When marriage came to Massachusetts, my sister told me how her local paper had a page full of angry letters when the first same-sex marriage announcement was published (this is in Western Mass, which is far more socially conservative than the eastern part of the Commonwealth), published about 3 similarly angry letters when the second announcement ran and admitted there were no letter when the third announcement ran. That’s a microcosm of what’s going to happen with marriage.

  • D. C. Sessions

    The cultural descendants of the hardcore bigots will claim their side was responsible for marriage equality all along, and that the liberals opposed it.

    Yes! It was the South that led the way in eliminating slavery.

  • Kevin Kehres

    You forgot the most-important and long-lasting outcome.

    Right-wing bigots will use the issue as a dog whistle for every election from now until it stops winning them elections. Just like abortion. It’ll be tied directly to each and every fund-raiser and be as much a part of every Tea Party platform speech as the American flag lapel pin.

  • peterh

    “…the gay rights issue has reached an unprecedented “level of intensity” …”

    It’s become so intense that it’s the law of the land in 74% of the states.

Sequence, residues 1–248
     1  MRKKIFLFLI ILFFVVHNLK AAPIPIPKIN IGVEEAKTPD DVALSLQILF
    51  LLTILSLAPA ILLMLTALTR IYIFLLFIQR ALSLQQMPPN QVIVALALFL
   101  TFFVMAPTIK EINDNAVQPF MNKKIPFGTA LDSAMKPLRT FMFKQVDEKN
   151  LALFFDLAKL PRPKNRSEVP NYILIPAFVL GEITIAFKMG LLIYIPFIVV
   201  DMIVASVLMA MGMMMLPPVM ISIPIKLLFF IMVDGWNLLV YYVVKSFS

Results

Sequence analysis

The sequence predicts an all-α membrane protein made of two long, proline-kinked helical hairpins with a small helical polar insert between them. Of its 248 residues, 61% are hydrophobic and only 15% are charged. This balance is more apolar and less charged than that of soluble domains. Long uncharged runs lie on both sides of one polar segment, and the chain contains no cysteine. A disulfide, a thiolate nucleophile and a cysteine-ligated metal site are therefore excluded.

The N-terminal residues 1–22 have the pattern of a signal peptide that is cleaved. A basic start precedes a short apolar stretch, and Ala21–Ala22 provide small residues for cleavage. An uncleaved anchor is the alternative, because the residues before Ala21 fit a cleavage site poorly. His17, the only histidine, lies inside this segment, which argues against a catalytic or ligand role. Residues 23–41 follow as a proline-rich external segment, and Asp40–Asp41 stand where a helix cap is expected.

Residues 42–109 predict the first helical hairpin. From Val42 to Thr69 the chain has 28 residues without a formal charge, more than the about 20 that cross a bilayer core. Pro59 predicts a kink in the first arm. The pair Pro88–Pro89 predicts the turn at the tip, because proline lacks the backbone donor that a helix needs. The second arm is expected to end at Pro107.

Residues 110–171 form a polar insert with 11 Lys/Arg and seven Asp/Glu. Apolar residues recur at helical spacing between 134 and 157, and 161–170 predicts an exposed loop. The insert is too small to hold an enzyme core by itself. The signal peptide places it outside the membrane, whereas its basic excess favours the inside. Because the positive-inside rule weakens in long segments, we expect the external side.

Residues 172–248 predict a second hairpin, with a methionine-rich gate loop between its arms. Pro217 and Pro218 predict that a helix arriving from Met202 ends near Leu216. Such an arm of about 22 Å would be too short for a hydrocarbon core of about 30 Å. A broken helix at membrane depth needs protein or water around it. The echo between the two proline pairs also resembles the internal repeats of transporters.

• RickR

    John Pieret @7-

    Fred Clark at Slacktivist had a couple of recent posts about the state-level RFRA+ bills and the notion of how the RR is seeking to “weaponize religious exemptions”.

    http://www.patheos.com/blogs/slacktivist/2015/04/02/weaponized-religious-exemptions-in-turn-weaponize-religion-part-1/

  • eric

    @14

    They don’t really want a civil war, they want a new bogeyman they can use to raise $$ from the deluded ultraconservatives.

    Deluded is probably right. Future GOP candidates for the presidency, house, and senate will blow all the right anti-SSM dogwhistles and then: “gosh…we just couldn’t address the issue this term. Damn liberals! Well if you re-elect me, I promise I will get around to it next term…”

  • dugglebogey

    Your predictions are not fair because you are just saying exactly what happened when Loving happened.

  • caseloweraz

    There is a phrase: “Roosters of the Apocalypse.” It specifically applies to an African tribe that reportedly destroyed itself rather than submit to colonization. However, its general application is to someone who stridently warns against an imaginary or insignificant crisis.

    In our day, the Heartland Institute has adopted it as a catch phrase, in lieu of its less erudite equivalent “chicken littles,” using it against those they call “warmists.” They even published a book of that name to further their cause. (I link to a review of the book so as to avoid adding one jot or tittle to their coffers via Amazon.)

    But I digress. The phrase does legitimately apply to fundamentalist Christians like Dobson who have been proclaiming the imminent collapse of “the most significant nation on Earth” since before many of us were born, for any number of illogical reasons. Unlike climate scientists, they cannot present any real evidence of the beginning of any harmful trend they predict. But they don’t need to, for their purpose really is to raise unfounded fears. Raise the fears, fleece the flock.